Q&A: Ana Goncalves, founder
As the repeal of the Affordable Care Act is at issue nationally, one Knoxvillian is taking access to health care into her own hands.
In 2012, Ana Goncalves started Rescuing Health, an organization dedicated to filling the gaps in health care coverage for East Tennesseans. The 501(c)(3) organization aims to provide individuals with financial assistance for health care treatments and connect them with other existing—and often disparate—charitable health care groups. The organization’s website acts as a crowd-funding platform for individuals who are in transition, face barriers to health care access, or don’t qualify for assistance programs.
Goncalves, who is originally from Brazil, seems to have an endless list of jobs, from teaching veterinary ultrasound workshops to working as a Reiki practitioner and massage therapist to acting as a board member for the Knoxville Montessori School. Through her work as a massage therapist, she encountered several people who were sick or suffering but could not afford medical care. So Goncalves set out to help those people who had fallen through the cracks.
“This country has a lot of resources and a lot of people who are willing to do good just because it’s the right thing to do,” Goncalves says. “And I decided instead of just getting angry, I would channel my anger into something productive and make a change.”
In her view, access to health care is a right, not a privilege, and Rescuing Health is one way to cut out the “middle man” in access to treatment.
What does the process look like for someone seeking help through Rescuing Health?
I have flyers that I distribute, so there are some people that might pick up a flyer and there’s a phone number they can call and a website. So if they call the number, they’re going to get me directly. And I will do a brief interview to figure out what their need is and figure out a way to get the paperwork to them.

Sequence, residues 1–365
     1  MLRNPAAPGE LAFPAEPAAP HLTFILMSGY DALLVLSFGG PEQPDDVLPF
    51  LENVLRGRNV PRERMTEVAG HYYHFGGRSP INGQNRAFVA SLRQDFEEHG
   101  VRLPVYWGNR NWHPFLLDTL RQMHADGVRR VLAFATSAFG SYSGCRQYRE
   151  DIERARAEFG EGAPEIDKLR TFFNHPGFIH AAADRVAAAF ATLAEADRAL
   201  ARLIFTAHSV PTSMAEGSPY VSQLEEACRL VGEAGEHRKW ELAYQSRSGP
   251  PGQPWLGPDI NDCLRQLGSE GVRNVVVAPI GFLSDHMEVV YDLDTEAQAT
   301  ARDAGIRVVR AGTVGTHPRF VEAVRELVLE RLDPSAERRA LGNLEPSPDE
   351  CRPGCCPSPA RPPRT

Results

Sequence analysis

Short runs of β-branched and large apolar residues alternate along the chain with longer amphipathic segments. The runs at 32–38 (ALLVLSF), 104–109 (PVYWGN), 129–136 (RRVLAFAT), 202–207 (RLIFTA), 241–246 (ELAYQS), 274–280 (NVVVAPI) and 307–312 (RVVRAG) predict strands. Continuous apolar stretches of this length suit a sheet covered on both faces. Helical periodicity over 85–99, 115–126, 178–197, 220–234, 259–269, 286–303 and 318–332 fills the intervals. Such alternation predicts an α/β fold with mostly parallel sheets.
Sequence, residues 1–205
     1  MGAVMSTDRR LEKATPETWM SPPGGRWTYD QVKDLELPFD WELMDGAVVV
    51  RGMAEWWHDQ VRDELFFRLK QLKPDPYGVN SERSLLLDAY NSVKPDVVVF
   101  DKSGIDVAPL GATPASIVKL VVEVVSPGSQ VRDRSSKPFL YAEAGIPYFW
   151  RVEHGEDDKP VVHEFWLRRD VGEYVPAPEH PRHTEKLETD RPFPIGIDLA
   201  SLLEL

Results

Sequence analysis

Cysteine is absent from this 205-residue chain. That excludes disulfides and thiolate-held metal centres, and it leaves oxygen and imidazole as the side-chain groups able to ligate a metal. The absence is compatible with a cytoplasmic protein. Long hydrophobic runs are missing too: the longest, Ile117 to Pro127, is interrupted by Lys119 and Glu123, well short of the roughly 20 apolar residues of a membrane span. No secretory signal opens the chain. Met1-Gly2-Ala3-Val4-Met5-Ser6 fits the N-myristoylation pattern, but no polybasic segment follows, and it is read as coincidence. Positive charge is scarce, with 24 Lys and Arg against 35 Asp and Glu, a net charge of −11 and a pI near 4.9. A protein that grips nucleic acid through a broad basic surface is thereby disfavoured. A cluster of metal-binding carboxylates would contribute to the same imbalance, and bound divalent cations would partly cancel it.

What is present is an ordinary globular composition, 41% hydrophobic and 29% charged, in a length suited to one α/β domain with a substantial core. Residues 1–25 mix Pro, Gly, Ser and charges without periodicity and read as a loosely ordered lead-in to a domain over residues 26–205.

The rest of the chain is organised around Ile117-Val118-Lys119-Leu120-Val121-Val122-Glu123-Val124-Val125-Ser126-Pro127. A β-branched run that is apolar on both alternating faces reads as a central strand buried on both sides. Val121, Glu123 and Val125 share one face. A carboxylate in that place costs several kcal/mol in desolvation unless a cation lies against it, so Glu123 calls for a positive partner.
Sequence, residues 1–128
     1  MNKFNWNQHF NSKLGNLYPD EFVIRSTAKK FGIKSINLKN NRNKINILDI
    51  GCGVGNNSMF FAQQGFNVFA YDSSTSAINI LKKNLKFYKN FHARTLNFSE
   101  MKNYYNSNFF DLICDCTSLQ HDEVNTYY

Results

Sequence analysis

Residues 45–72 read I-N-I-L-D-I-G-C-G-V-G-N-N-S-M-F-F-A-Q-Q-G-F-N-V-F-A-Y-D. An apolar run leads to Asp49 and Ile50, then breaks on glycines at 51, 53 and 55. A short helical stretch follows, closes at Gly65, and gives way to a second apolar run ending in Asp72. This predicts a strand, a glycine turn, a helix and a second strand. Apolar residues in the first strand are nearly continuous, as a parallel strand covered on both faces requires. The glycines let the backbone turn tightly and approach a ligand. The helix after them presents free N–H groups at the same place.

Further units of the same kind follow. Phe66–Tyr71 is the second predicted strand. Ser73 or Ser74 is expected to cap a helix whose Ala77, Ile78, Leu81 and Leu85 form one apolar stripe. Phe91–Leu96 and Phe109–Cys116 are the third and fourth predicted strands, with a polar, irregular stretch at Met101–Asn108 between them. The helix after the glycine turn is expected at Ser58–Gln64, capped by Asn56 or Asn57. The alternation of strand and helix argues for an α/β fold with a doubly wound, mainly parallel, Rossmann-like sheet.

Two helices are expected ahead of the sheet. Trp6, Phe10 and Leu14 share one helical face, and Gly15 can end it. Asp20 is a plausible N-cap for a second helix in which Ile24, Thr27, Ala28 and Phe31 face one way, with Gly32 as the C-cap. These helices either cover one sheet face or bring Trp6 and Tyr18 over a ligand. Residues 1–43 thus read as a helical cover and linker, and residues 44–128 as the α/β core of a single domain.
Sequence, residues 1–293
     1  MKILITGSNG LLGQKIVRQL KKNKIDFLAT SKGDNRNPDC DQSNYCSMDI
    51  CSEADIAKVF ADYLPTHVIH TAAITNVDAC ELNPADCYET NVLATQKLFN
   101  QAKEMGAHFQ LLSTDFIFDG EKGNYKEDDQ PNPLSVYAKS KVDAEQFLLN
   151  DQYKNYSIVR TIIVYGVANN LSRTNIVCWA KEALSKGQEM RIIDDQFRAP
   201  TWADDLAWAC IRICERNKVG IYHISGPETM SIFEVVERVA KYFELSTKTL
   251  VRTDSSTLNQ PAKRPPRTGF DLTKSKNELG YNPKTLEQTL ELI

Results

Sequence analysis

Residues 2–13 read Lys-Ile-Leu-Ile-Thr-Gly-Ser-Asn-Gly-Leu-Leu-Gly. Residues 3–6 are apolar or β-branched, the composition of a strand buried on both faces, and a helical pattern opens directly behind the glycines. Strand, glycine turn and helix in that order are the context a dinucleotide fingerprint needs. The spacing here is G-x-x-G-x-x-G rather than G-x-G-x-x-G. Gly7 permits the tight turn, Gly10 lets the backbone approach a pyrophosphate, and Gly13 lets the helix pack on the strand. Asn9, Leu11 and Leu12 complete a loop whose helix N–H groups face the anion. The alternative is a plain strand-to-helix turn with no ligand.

Once we have the paperwork, I usually share just the pertinent information with the board, meaning: This is the situation, this is what’s going on, and this is the need. And then the board usually approves pretty quickly. And depending on the amount, ideally we would like to fundraise for people and that’s the idea of the website.
But in reality, what we’ve encountered is that people need something right away. When we started as an organization, we had maybe $2,000 in donations in the bank. And with that $2,000 we’ve been advancing the help to people and then trying to fundraise afterward.
What kind of impact have you seen so far?
One of the first people we helped actually was a refugee who’d been here for many years. He’s a single father of two and he had quit his job because he was getting trained to be a truck driver. He didn’t get a job right away, so he was in between jobs, he had no health insurance, and he had asthma. So what he’d been doing is using his asthma medication— instead of every day—just when he had a crisis. And asthma medication doesn’t work well for that. It’s not a rescue drug.
So he filled out paperwork and we went and got him a month’s supply of asthma medication that was over $280. He didn’t have a job yet, so we decided that we were going to apply with the drug manufacturer for a drug assistance program. Those are not very easy to find, but we found it and we enrolled him in the drug assistance program and he was granted it, which gave him another three months’ supply of the asthma medication. So by the time that supply was done, he already had a job with health insurance and he was able to continue his treatment.